doi:10.1371/journal.pone.0089627
PMCID: PMC3940696  PMID: 24595280
7.  Background Coloration of Squamous Epithelium in Esophago-Pharyngeal Squamous Cell Carcinoma: What Causes the Color Change? 
PLoS ONE  2014;9(1):e85553.
Objectives
This study aims to clarify the cause of background coloration in the epithelia between each dilated intra papillary capillary loop in esophago-pharyngeal squamous cell carcinoma.
Design
This is a single center retrospective study including 124 patients with 160 lesions who underwent esophagogastroduodenoscopy in Nagasaki University Hospital from September 2007 to March 2012; a detailed comparison between endoscopic images and pathology was performed. Immunohistological assessment using anti-human hemoglobin antibody (anti-Hb Ab) was performed to verify the presence of hemoglobin (Hb) component in the cancer cells. Real-time polymerase chain reaction (RT-PCR) and in situ hybridization (ISH) on Hb-β mRNA were performed to assess the production of Hb component within the cancer cells.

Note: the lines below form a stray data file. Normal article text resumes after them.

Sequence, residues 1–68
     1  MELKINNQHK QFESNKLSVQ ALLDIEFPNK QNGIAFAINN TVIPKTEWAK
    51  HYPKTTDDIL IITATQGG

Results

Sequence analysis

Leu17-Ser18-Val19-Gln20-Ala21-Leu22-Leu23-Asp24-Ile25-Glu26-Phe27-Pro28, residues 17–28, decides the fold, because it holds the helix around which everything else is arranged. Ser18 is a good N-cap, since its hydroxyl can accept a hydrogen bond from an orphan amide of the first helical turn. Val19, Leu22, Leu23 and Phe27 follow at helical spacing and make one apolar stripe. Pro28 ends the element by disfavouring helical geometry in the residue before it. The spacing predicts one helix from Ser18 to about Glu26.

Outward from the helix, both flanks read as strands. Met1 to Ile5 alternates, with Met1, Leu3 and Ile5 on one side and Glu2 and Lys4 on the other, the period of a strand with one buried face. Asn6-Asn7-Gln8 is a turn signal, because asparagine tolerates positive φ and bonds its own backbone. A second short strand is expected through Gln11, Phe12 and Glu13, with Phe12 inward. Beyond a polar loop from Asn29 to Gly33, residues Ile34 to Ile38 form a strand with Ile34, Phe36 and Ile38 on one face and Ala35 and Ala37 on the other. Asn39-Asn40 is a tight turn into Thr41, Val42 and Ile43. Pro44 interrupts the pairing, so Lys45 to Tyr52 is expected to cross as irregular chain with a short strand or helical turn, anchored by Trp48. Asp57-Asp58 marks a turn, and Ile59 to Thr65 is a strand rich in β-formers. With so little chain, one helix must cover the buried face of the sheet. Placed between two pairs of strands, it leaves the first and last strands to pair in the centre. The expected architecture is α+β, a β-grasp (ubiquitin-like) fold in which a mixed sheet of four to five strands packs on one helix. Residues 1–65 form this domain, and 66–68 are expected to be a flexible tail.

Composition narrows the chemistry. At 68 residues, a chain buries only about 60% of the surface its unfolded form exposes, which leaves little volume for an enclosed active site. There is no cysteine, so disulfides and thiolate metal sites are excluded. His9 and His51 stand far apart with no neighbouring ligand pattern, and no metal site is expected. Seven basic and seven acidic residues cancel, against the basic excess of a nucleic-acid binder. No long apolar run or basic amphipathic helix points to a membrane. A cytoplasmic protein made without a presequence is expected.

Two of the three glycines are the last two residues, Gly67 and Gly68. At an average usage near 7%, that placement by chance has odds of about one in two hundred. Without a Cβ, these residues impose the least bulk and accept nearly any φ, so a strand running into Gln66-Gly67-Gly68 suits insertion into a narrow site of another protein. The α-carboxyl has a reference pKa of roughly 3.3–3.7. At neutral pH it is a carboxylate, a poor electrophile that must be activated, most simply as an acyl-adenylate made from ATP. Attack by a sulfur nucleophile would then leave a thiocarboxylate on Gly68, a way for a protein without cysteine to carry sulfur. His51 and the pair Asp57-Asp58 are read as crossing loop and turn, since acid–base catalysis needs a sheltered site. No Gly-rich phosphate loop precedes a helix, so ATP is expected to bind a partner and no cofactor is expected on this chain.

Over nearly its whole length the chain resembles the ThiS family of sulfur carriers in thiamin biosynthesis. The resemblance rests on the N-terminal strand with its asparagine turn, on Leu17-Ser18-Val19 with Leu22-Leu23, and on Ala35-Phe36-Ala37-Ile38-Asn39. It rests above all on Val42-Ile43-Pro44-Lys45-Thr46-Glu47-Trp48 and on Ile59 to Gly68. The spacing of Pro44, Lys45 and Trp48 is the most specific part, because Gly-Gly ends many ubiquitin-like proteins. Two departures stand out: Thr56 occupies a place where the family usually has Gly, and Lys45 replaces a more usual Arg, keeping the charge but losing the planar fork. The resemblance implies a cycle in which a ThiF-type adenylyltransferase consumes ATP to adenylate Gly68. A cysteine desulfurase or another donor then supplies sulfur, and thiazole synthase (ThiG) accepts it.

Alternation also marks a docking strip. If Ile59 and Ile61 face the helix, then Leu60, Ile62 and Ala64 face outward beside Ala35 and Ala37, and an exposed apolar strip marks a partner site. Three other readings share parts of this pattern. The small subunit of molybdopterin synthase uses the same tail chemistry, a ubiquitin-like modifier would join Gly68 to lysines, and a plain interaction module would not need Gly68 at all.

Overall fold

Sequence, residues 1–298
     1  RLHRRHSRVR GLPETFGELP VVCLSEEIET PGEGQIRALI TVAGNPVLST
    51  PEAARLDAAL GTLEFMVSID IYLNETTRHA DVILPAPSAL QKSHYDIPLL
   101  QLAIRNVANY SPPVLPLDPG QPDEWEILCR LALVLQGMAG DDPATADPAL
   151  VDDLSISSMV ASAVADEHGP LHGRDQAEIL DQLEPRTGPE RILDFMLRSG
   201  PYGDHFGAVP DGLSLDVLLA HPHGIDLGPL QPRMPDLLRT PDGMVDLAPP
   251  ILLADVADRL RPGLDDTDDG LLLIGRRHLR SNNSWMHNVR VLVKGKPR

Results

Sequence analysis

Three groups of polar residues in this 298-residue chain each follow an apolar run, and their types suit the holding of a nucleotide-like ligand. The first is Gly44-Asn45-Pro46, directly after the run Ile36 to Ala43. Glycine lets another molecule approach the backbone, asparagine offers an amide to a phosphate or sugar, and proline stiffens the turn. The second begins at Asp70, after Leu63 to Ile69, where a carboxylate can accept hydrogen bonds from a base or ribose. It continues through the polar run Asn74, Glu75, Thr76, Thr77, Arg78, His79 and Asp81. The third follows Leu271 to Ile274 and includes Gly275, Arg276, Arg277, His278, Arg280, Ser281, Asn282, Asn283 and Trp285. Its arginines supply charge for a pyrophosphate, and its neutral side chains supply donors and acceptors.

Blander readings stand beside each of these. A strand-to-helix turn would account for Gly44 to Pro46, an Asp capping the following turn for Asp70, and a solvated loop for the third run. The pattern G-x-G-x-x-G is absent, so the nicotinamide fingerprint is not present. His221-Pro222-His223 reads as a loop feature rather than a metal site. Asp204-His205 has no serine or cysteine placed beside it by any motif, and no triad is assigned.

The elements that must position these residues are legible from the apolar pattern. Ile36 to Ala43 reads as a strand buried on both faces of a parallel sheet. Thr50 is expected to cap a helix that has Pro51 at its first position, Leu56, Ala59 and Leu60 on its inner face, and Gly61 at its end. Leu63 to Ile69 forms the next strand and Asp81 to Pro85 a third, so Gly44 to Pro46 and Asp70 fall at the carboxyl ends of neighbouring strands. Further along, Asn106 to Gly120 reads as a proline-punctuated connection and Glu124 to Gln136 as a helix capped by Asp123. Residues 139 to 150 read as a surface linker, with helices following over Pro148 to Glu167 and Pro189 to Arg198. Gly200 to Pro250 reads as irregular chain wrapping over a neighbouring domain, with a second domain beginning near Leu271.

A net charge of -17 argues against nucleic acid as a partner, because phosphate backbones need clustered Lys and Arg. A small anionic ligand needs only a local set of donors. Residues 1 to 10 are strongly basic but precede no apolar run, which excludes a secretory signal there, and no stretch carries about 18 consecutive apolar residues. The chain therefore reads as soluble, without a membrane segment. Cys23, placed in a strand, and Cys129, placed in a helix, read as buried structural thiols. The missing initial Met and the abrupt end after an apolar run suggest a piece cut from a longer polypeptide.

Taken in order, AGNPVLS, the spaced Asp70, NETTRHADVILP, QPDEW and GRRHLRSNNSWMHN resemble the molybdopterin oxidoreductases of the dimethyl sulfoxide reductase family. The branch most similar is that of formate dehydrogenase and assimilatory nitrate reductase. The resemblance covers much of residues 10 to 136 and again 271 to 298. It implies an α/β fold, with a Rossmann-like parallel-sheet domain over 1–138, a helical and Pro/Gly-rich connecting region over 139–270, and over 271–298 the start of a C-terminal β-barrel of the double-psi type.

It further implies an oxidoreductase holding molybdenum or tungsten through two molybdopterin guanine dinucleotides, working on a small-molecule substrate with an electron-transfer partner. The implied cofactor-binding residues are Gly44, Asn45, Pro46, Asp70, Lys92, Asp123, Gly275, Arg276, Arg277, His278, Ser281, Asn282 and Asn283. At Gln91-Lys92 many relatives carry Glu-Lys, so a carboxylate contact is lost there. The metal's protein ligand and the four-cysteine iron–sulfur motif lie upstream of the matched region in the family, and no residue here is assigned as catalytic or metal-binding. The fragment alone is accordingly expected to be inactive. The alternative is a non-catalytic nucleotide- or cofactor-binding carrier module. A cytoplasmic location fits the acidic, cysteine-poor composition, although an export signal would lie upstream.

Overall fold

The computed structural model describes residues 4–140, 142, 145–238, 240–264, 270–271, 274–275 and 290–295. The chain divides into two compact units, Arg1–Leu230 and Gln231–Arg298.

Results
A strong positivity for anti-Hb Ab was observed in the squamous cell carcinoma area, whereas non-cancerous mucosa showed no immunopositivity for Hb. The concordance rate between anti-Hb Ab immunoreactivity and the presence of BC was as high as 80.9%. The amount of Hb-β mRNA expression was three times higher in cancer tissues compared with the surrounding non-cancerous mucosa. ISH images showed that the expression exclusively occurred in cancer cells, indicating that Hb is probably produced within cancer cells.
Conclusions
The background coloration observed is partly due to an extravascular component of Hb. RT-PCR and ISH analyses indicate that Hb is produced within cancer cells.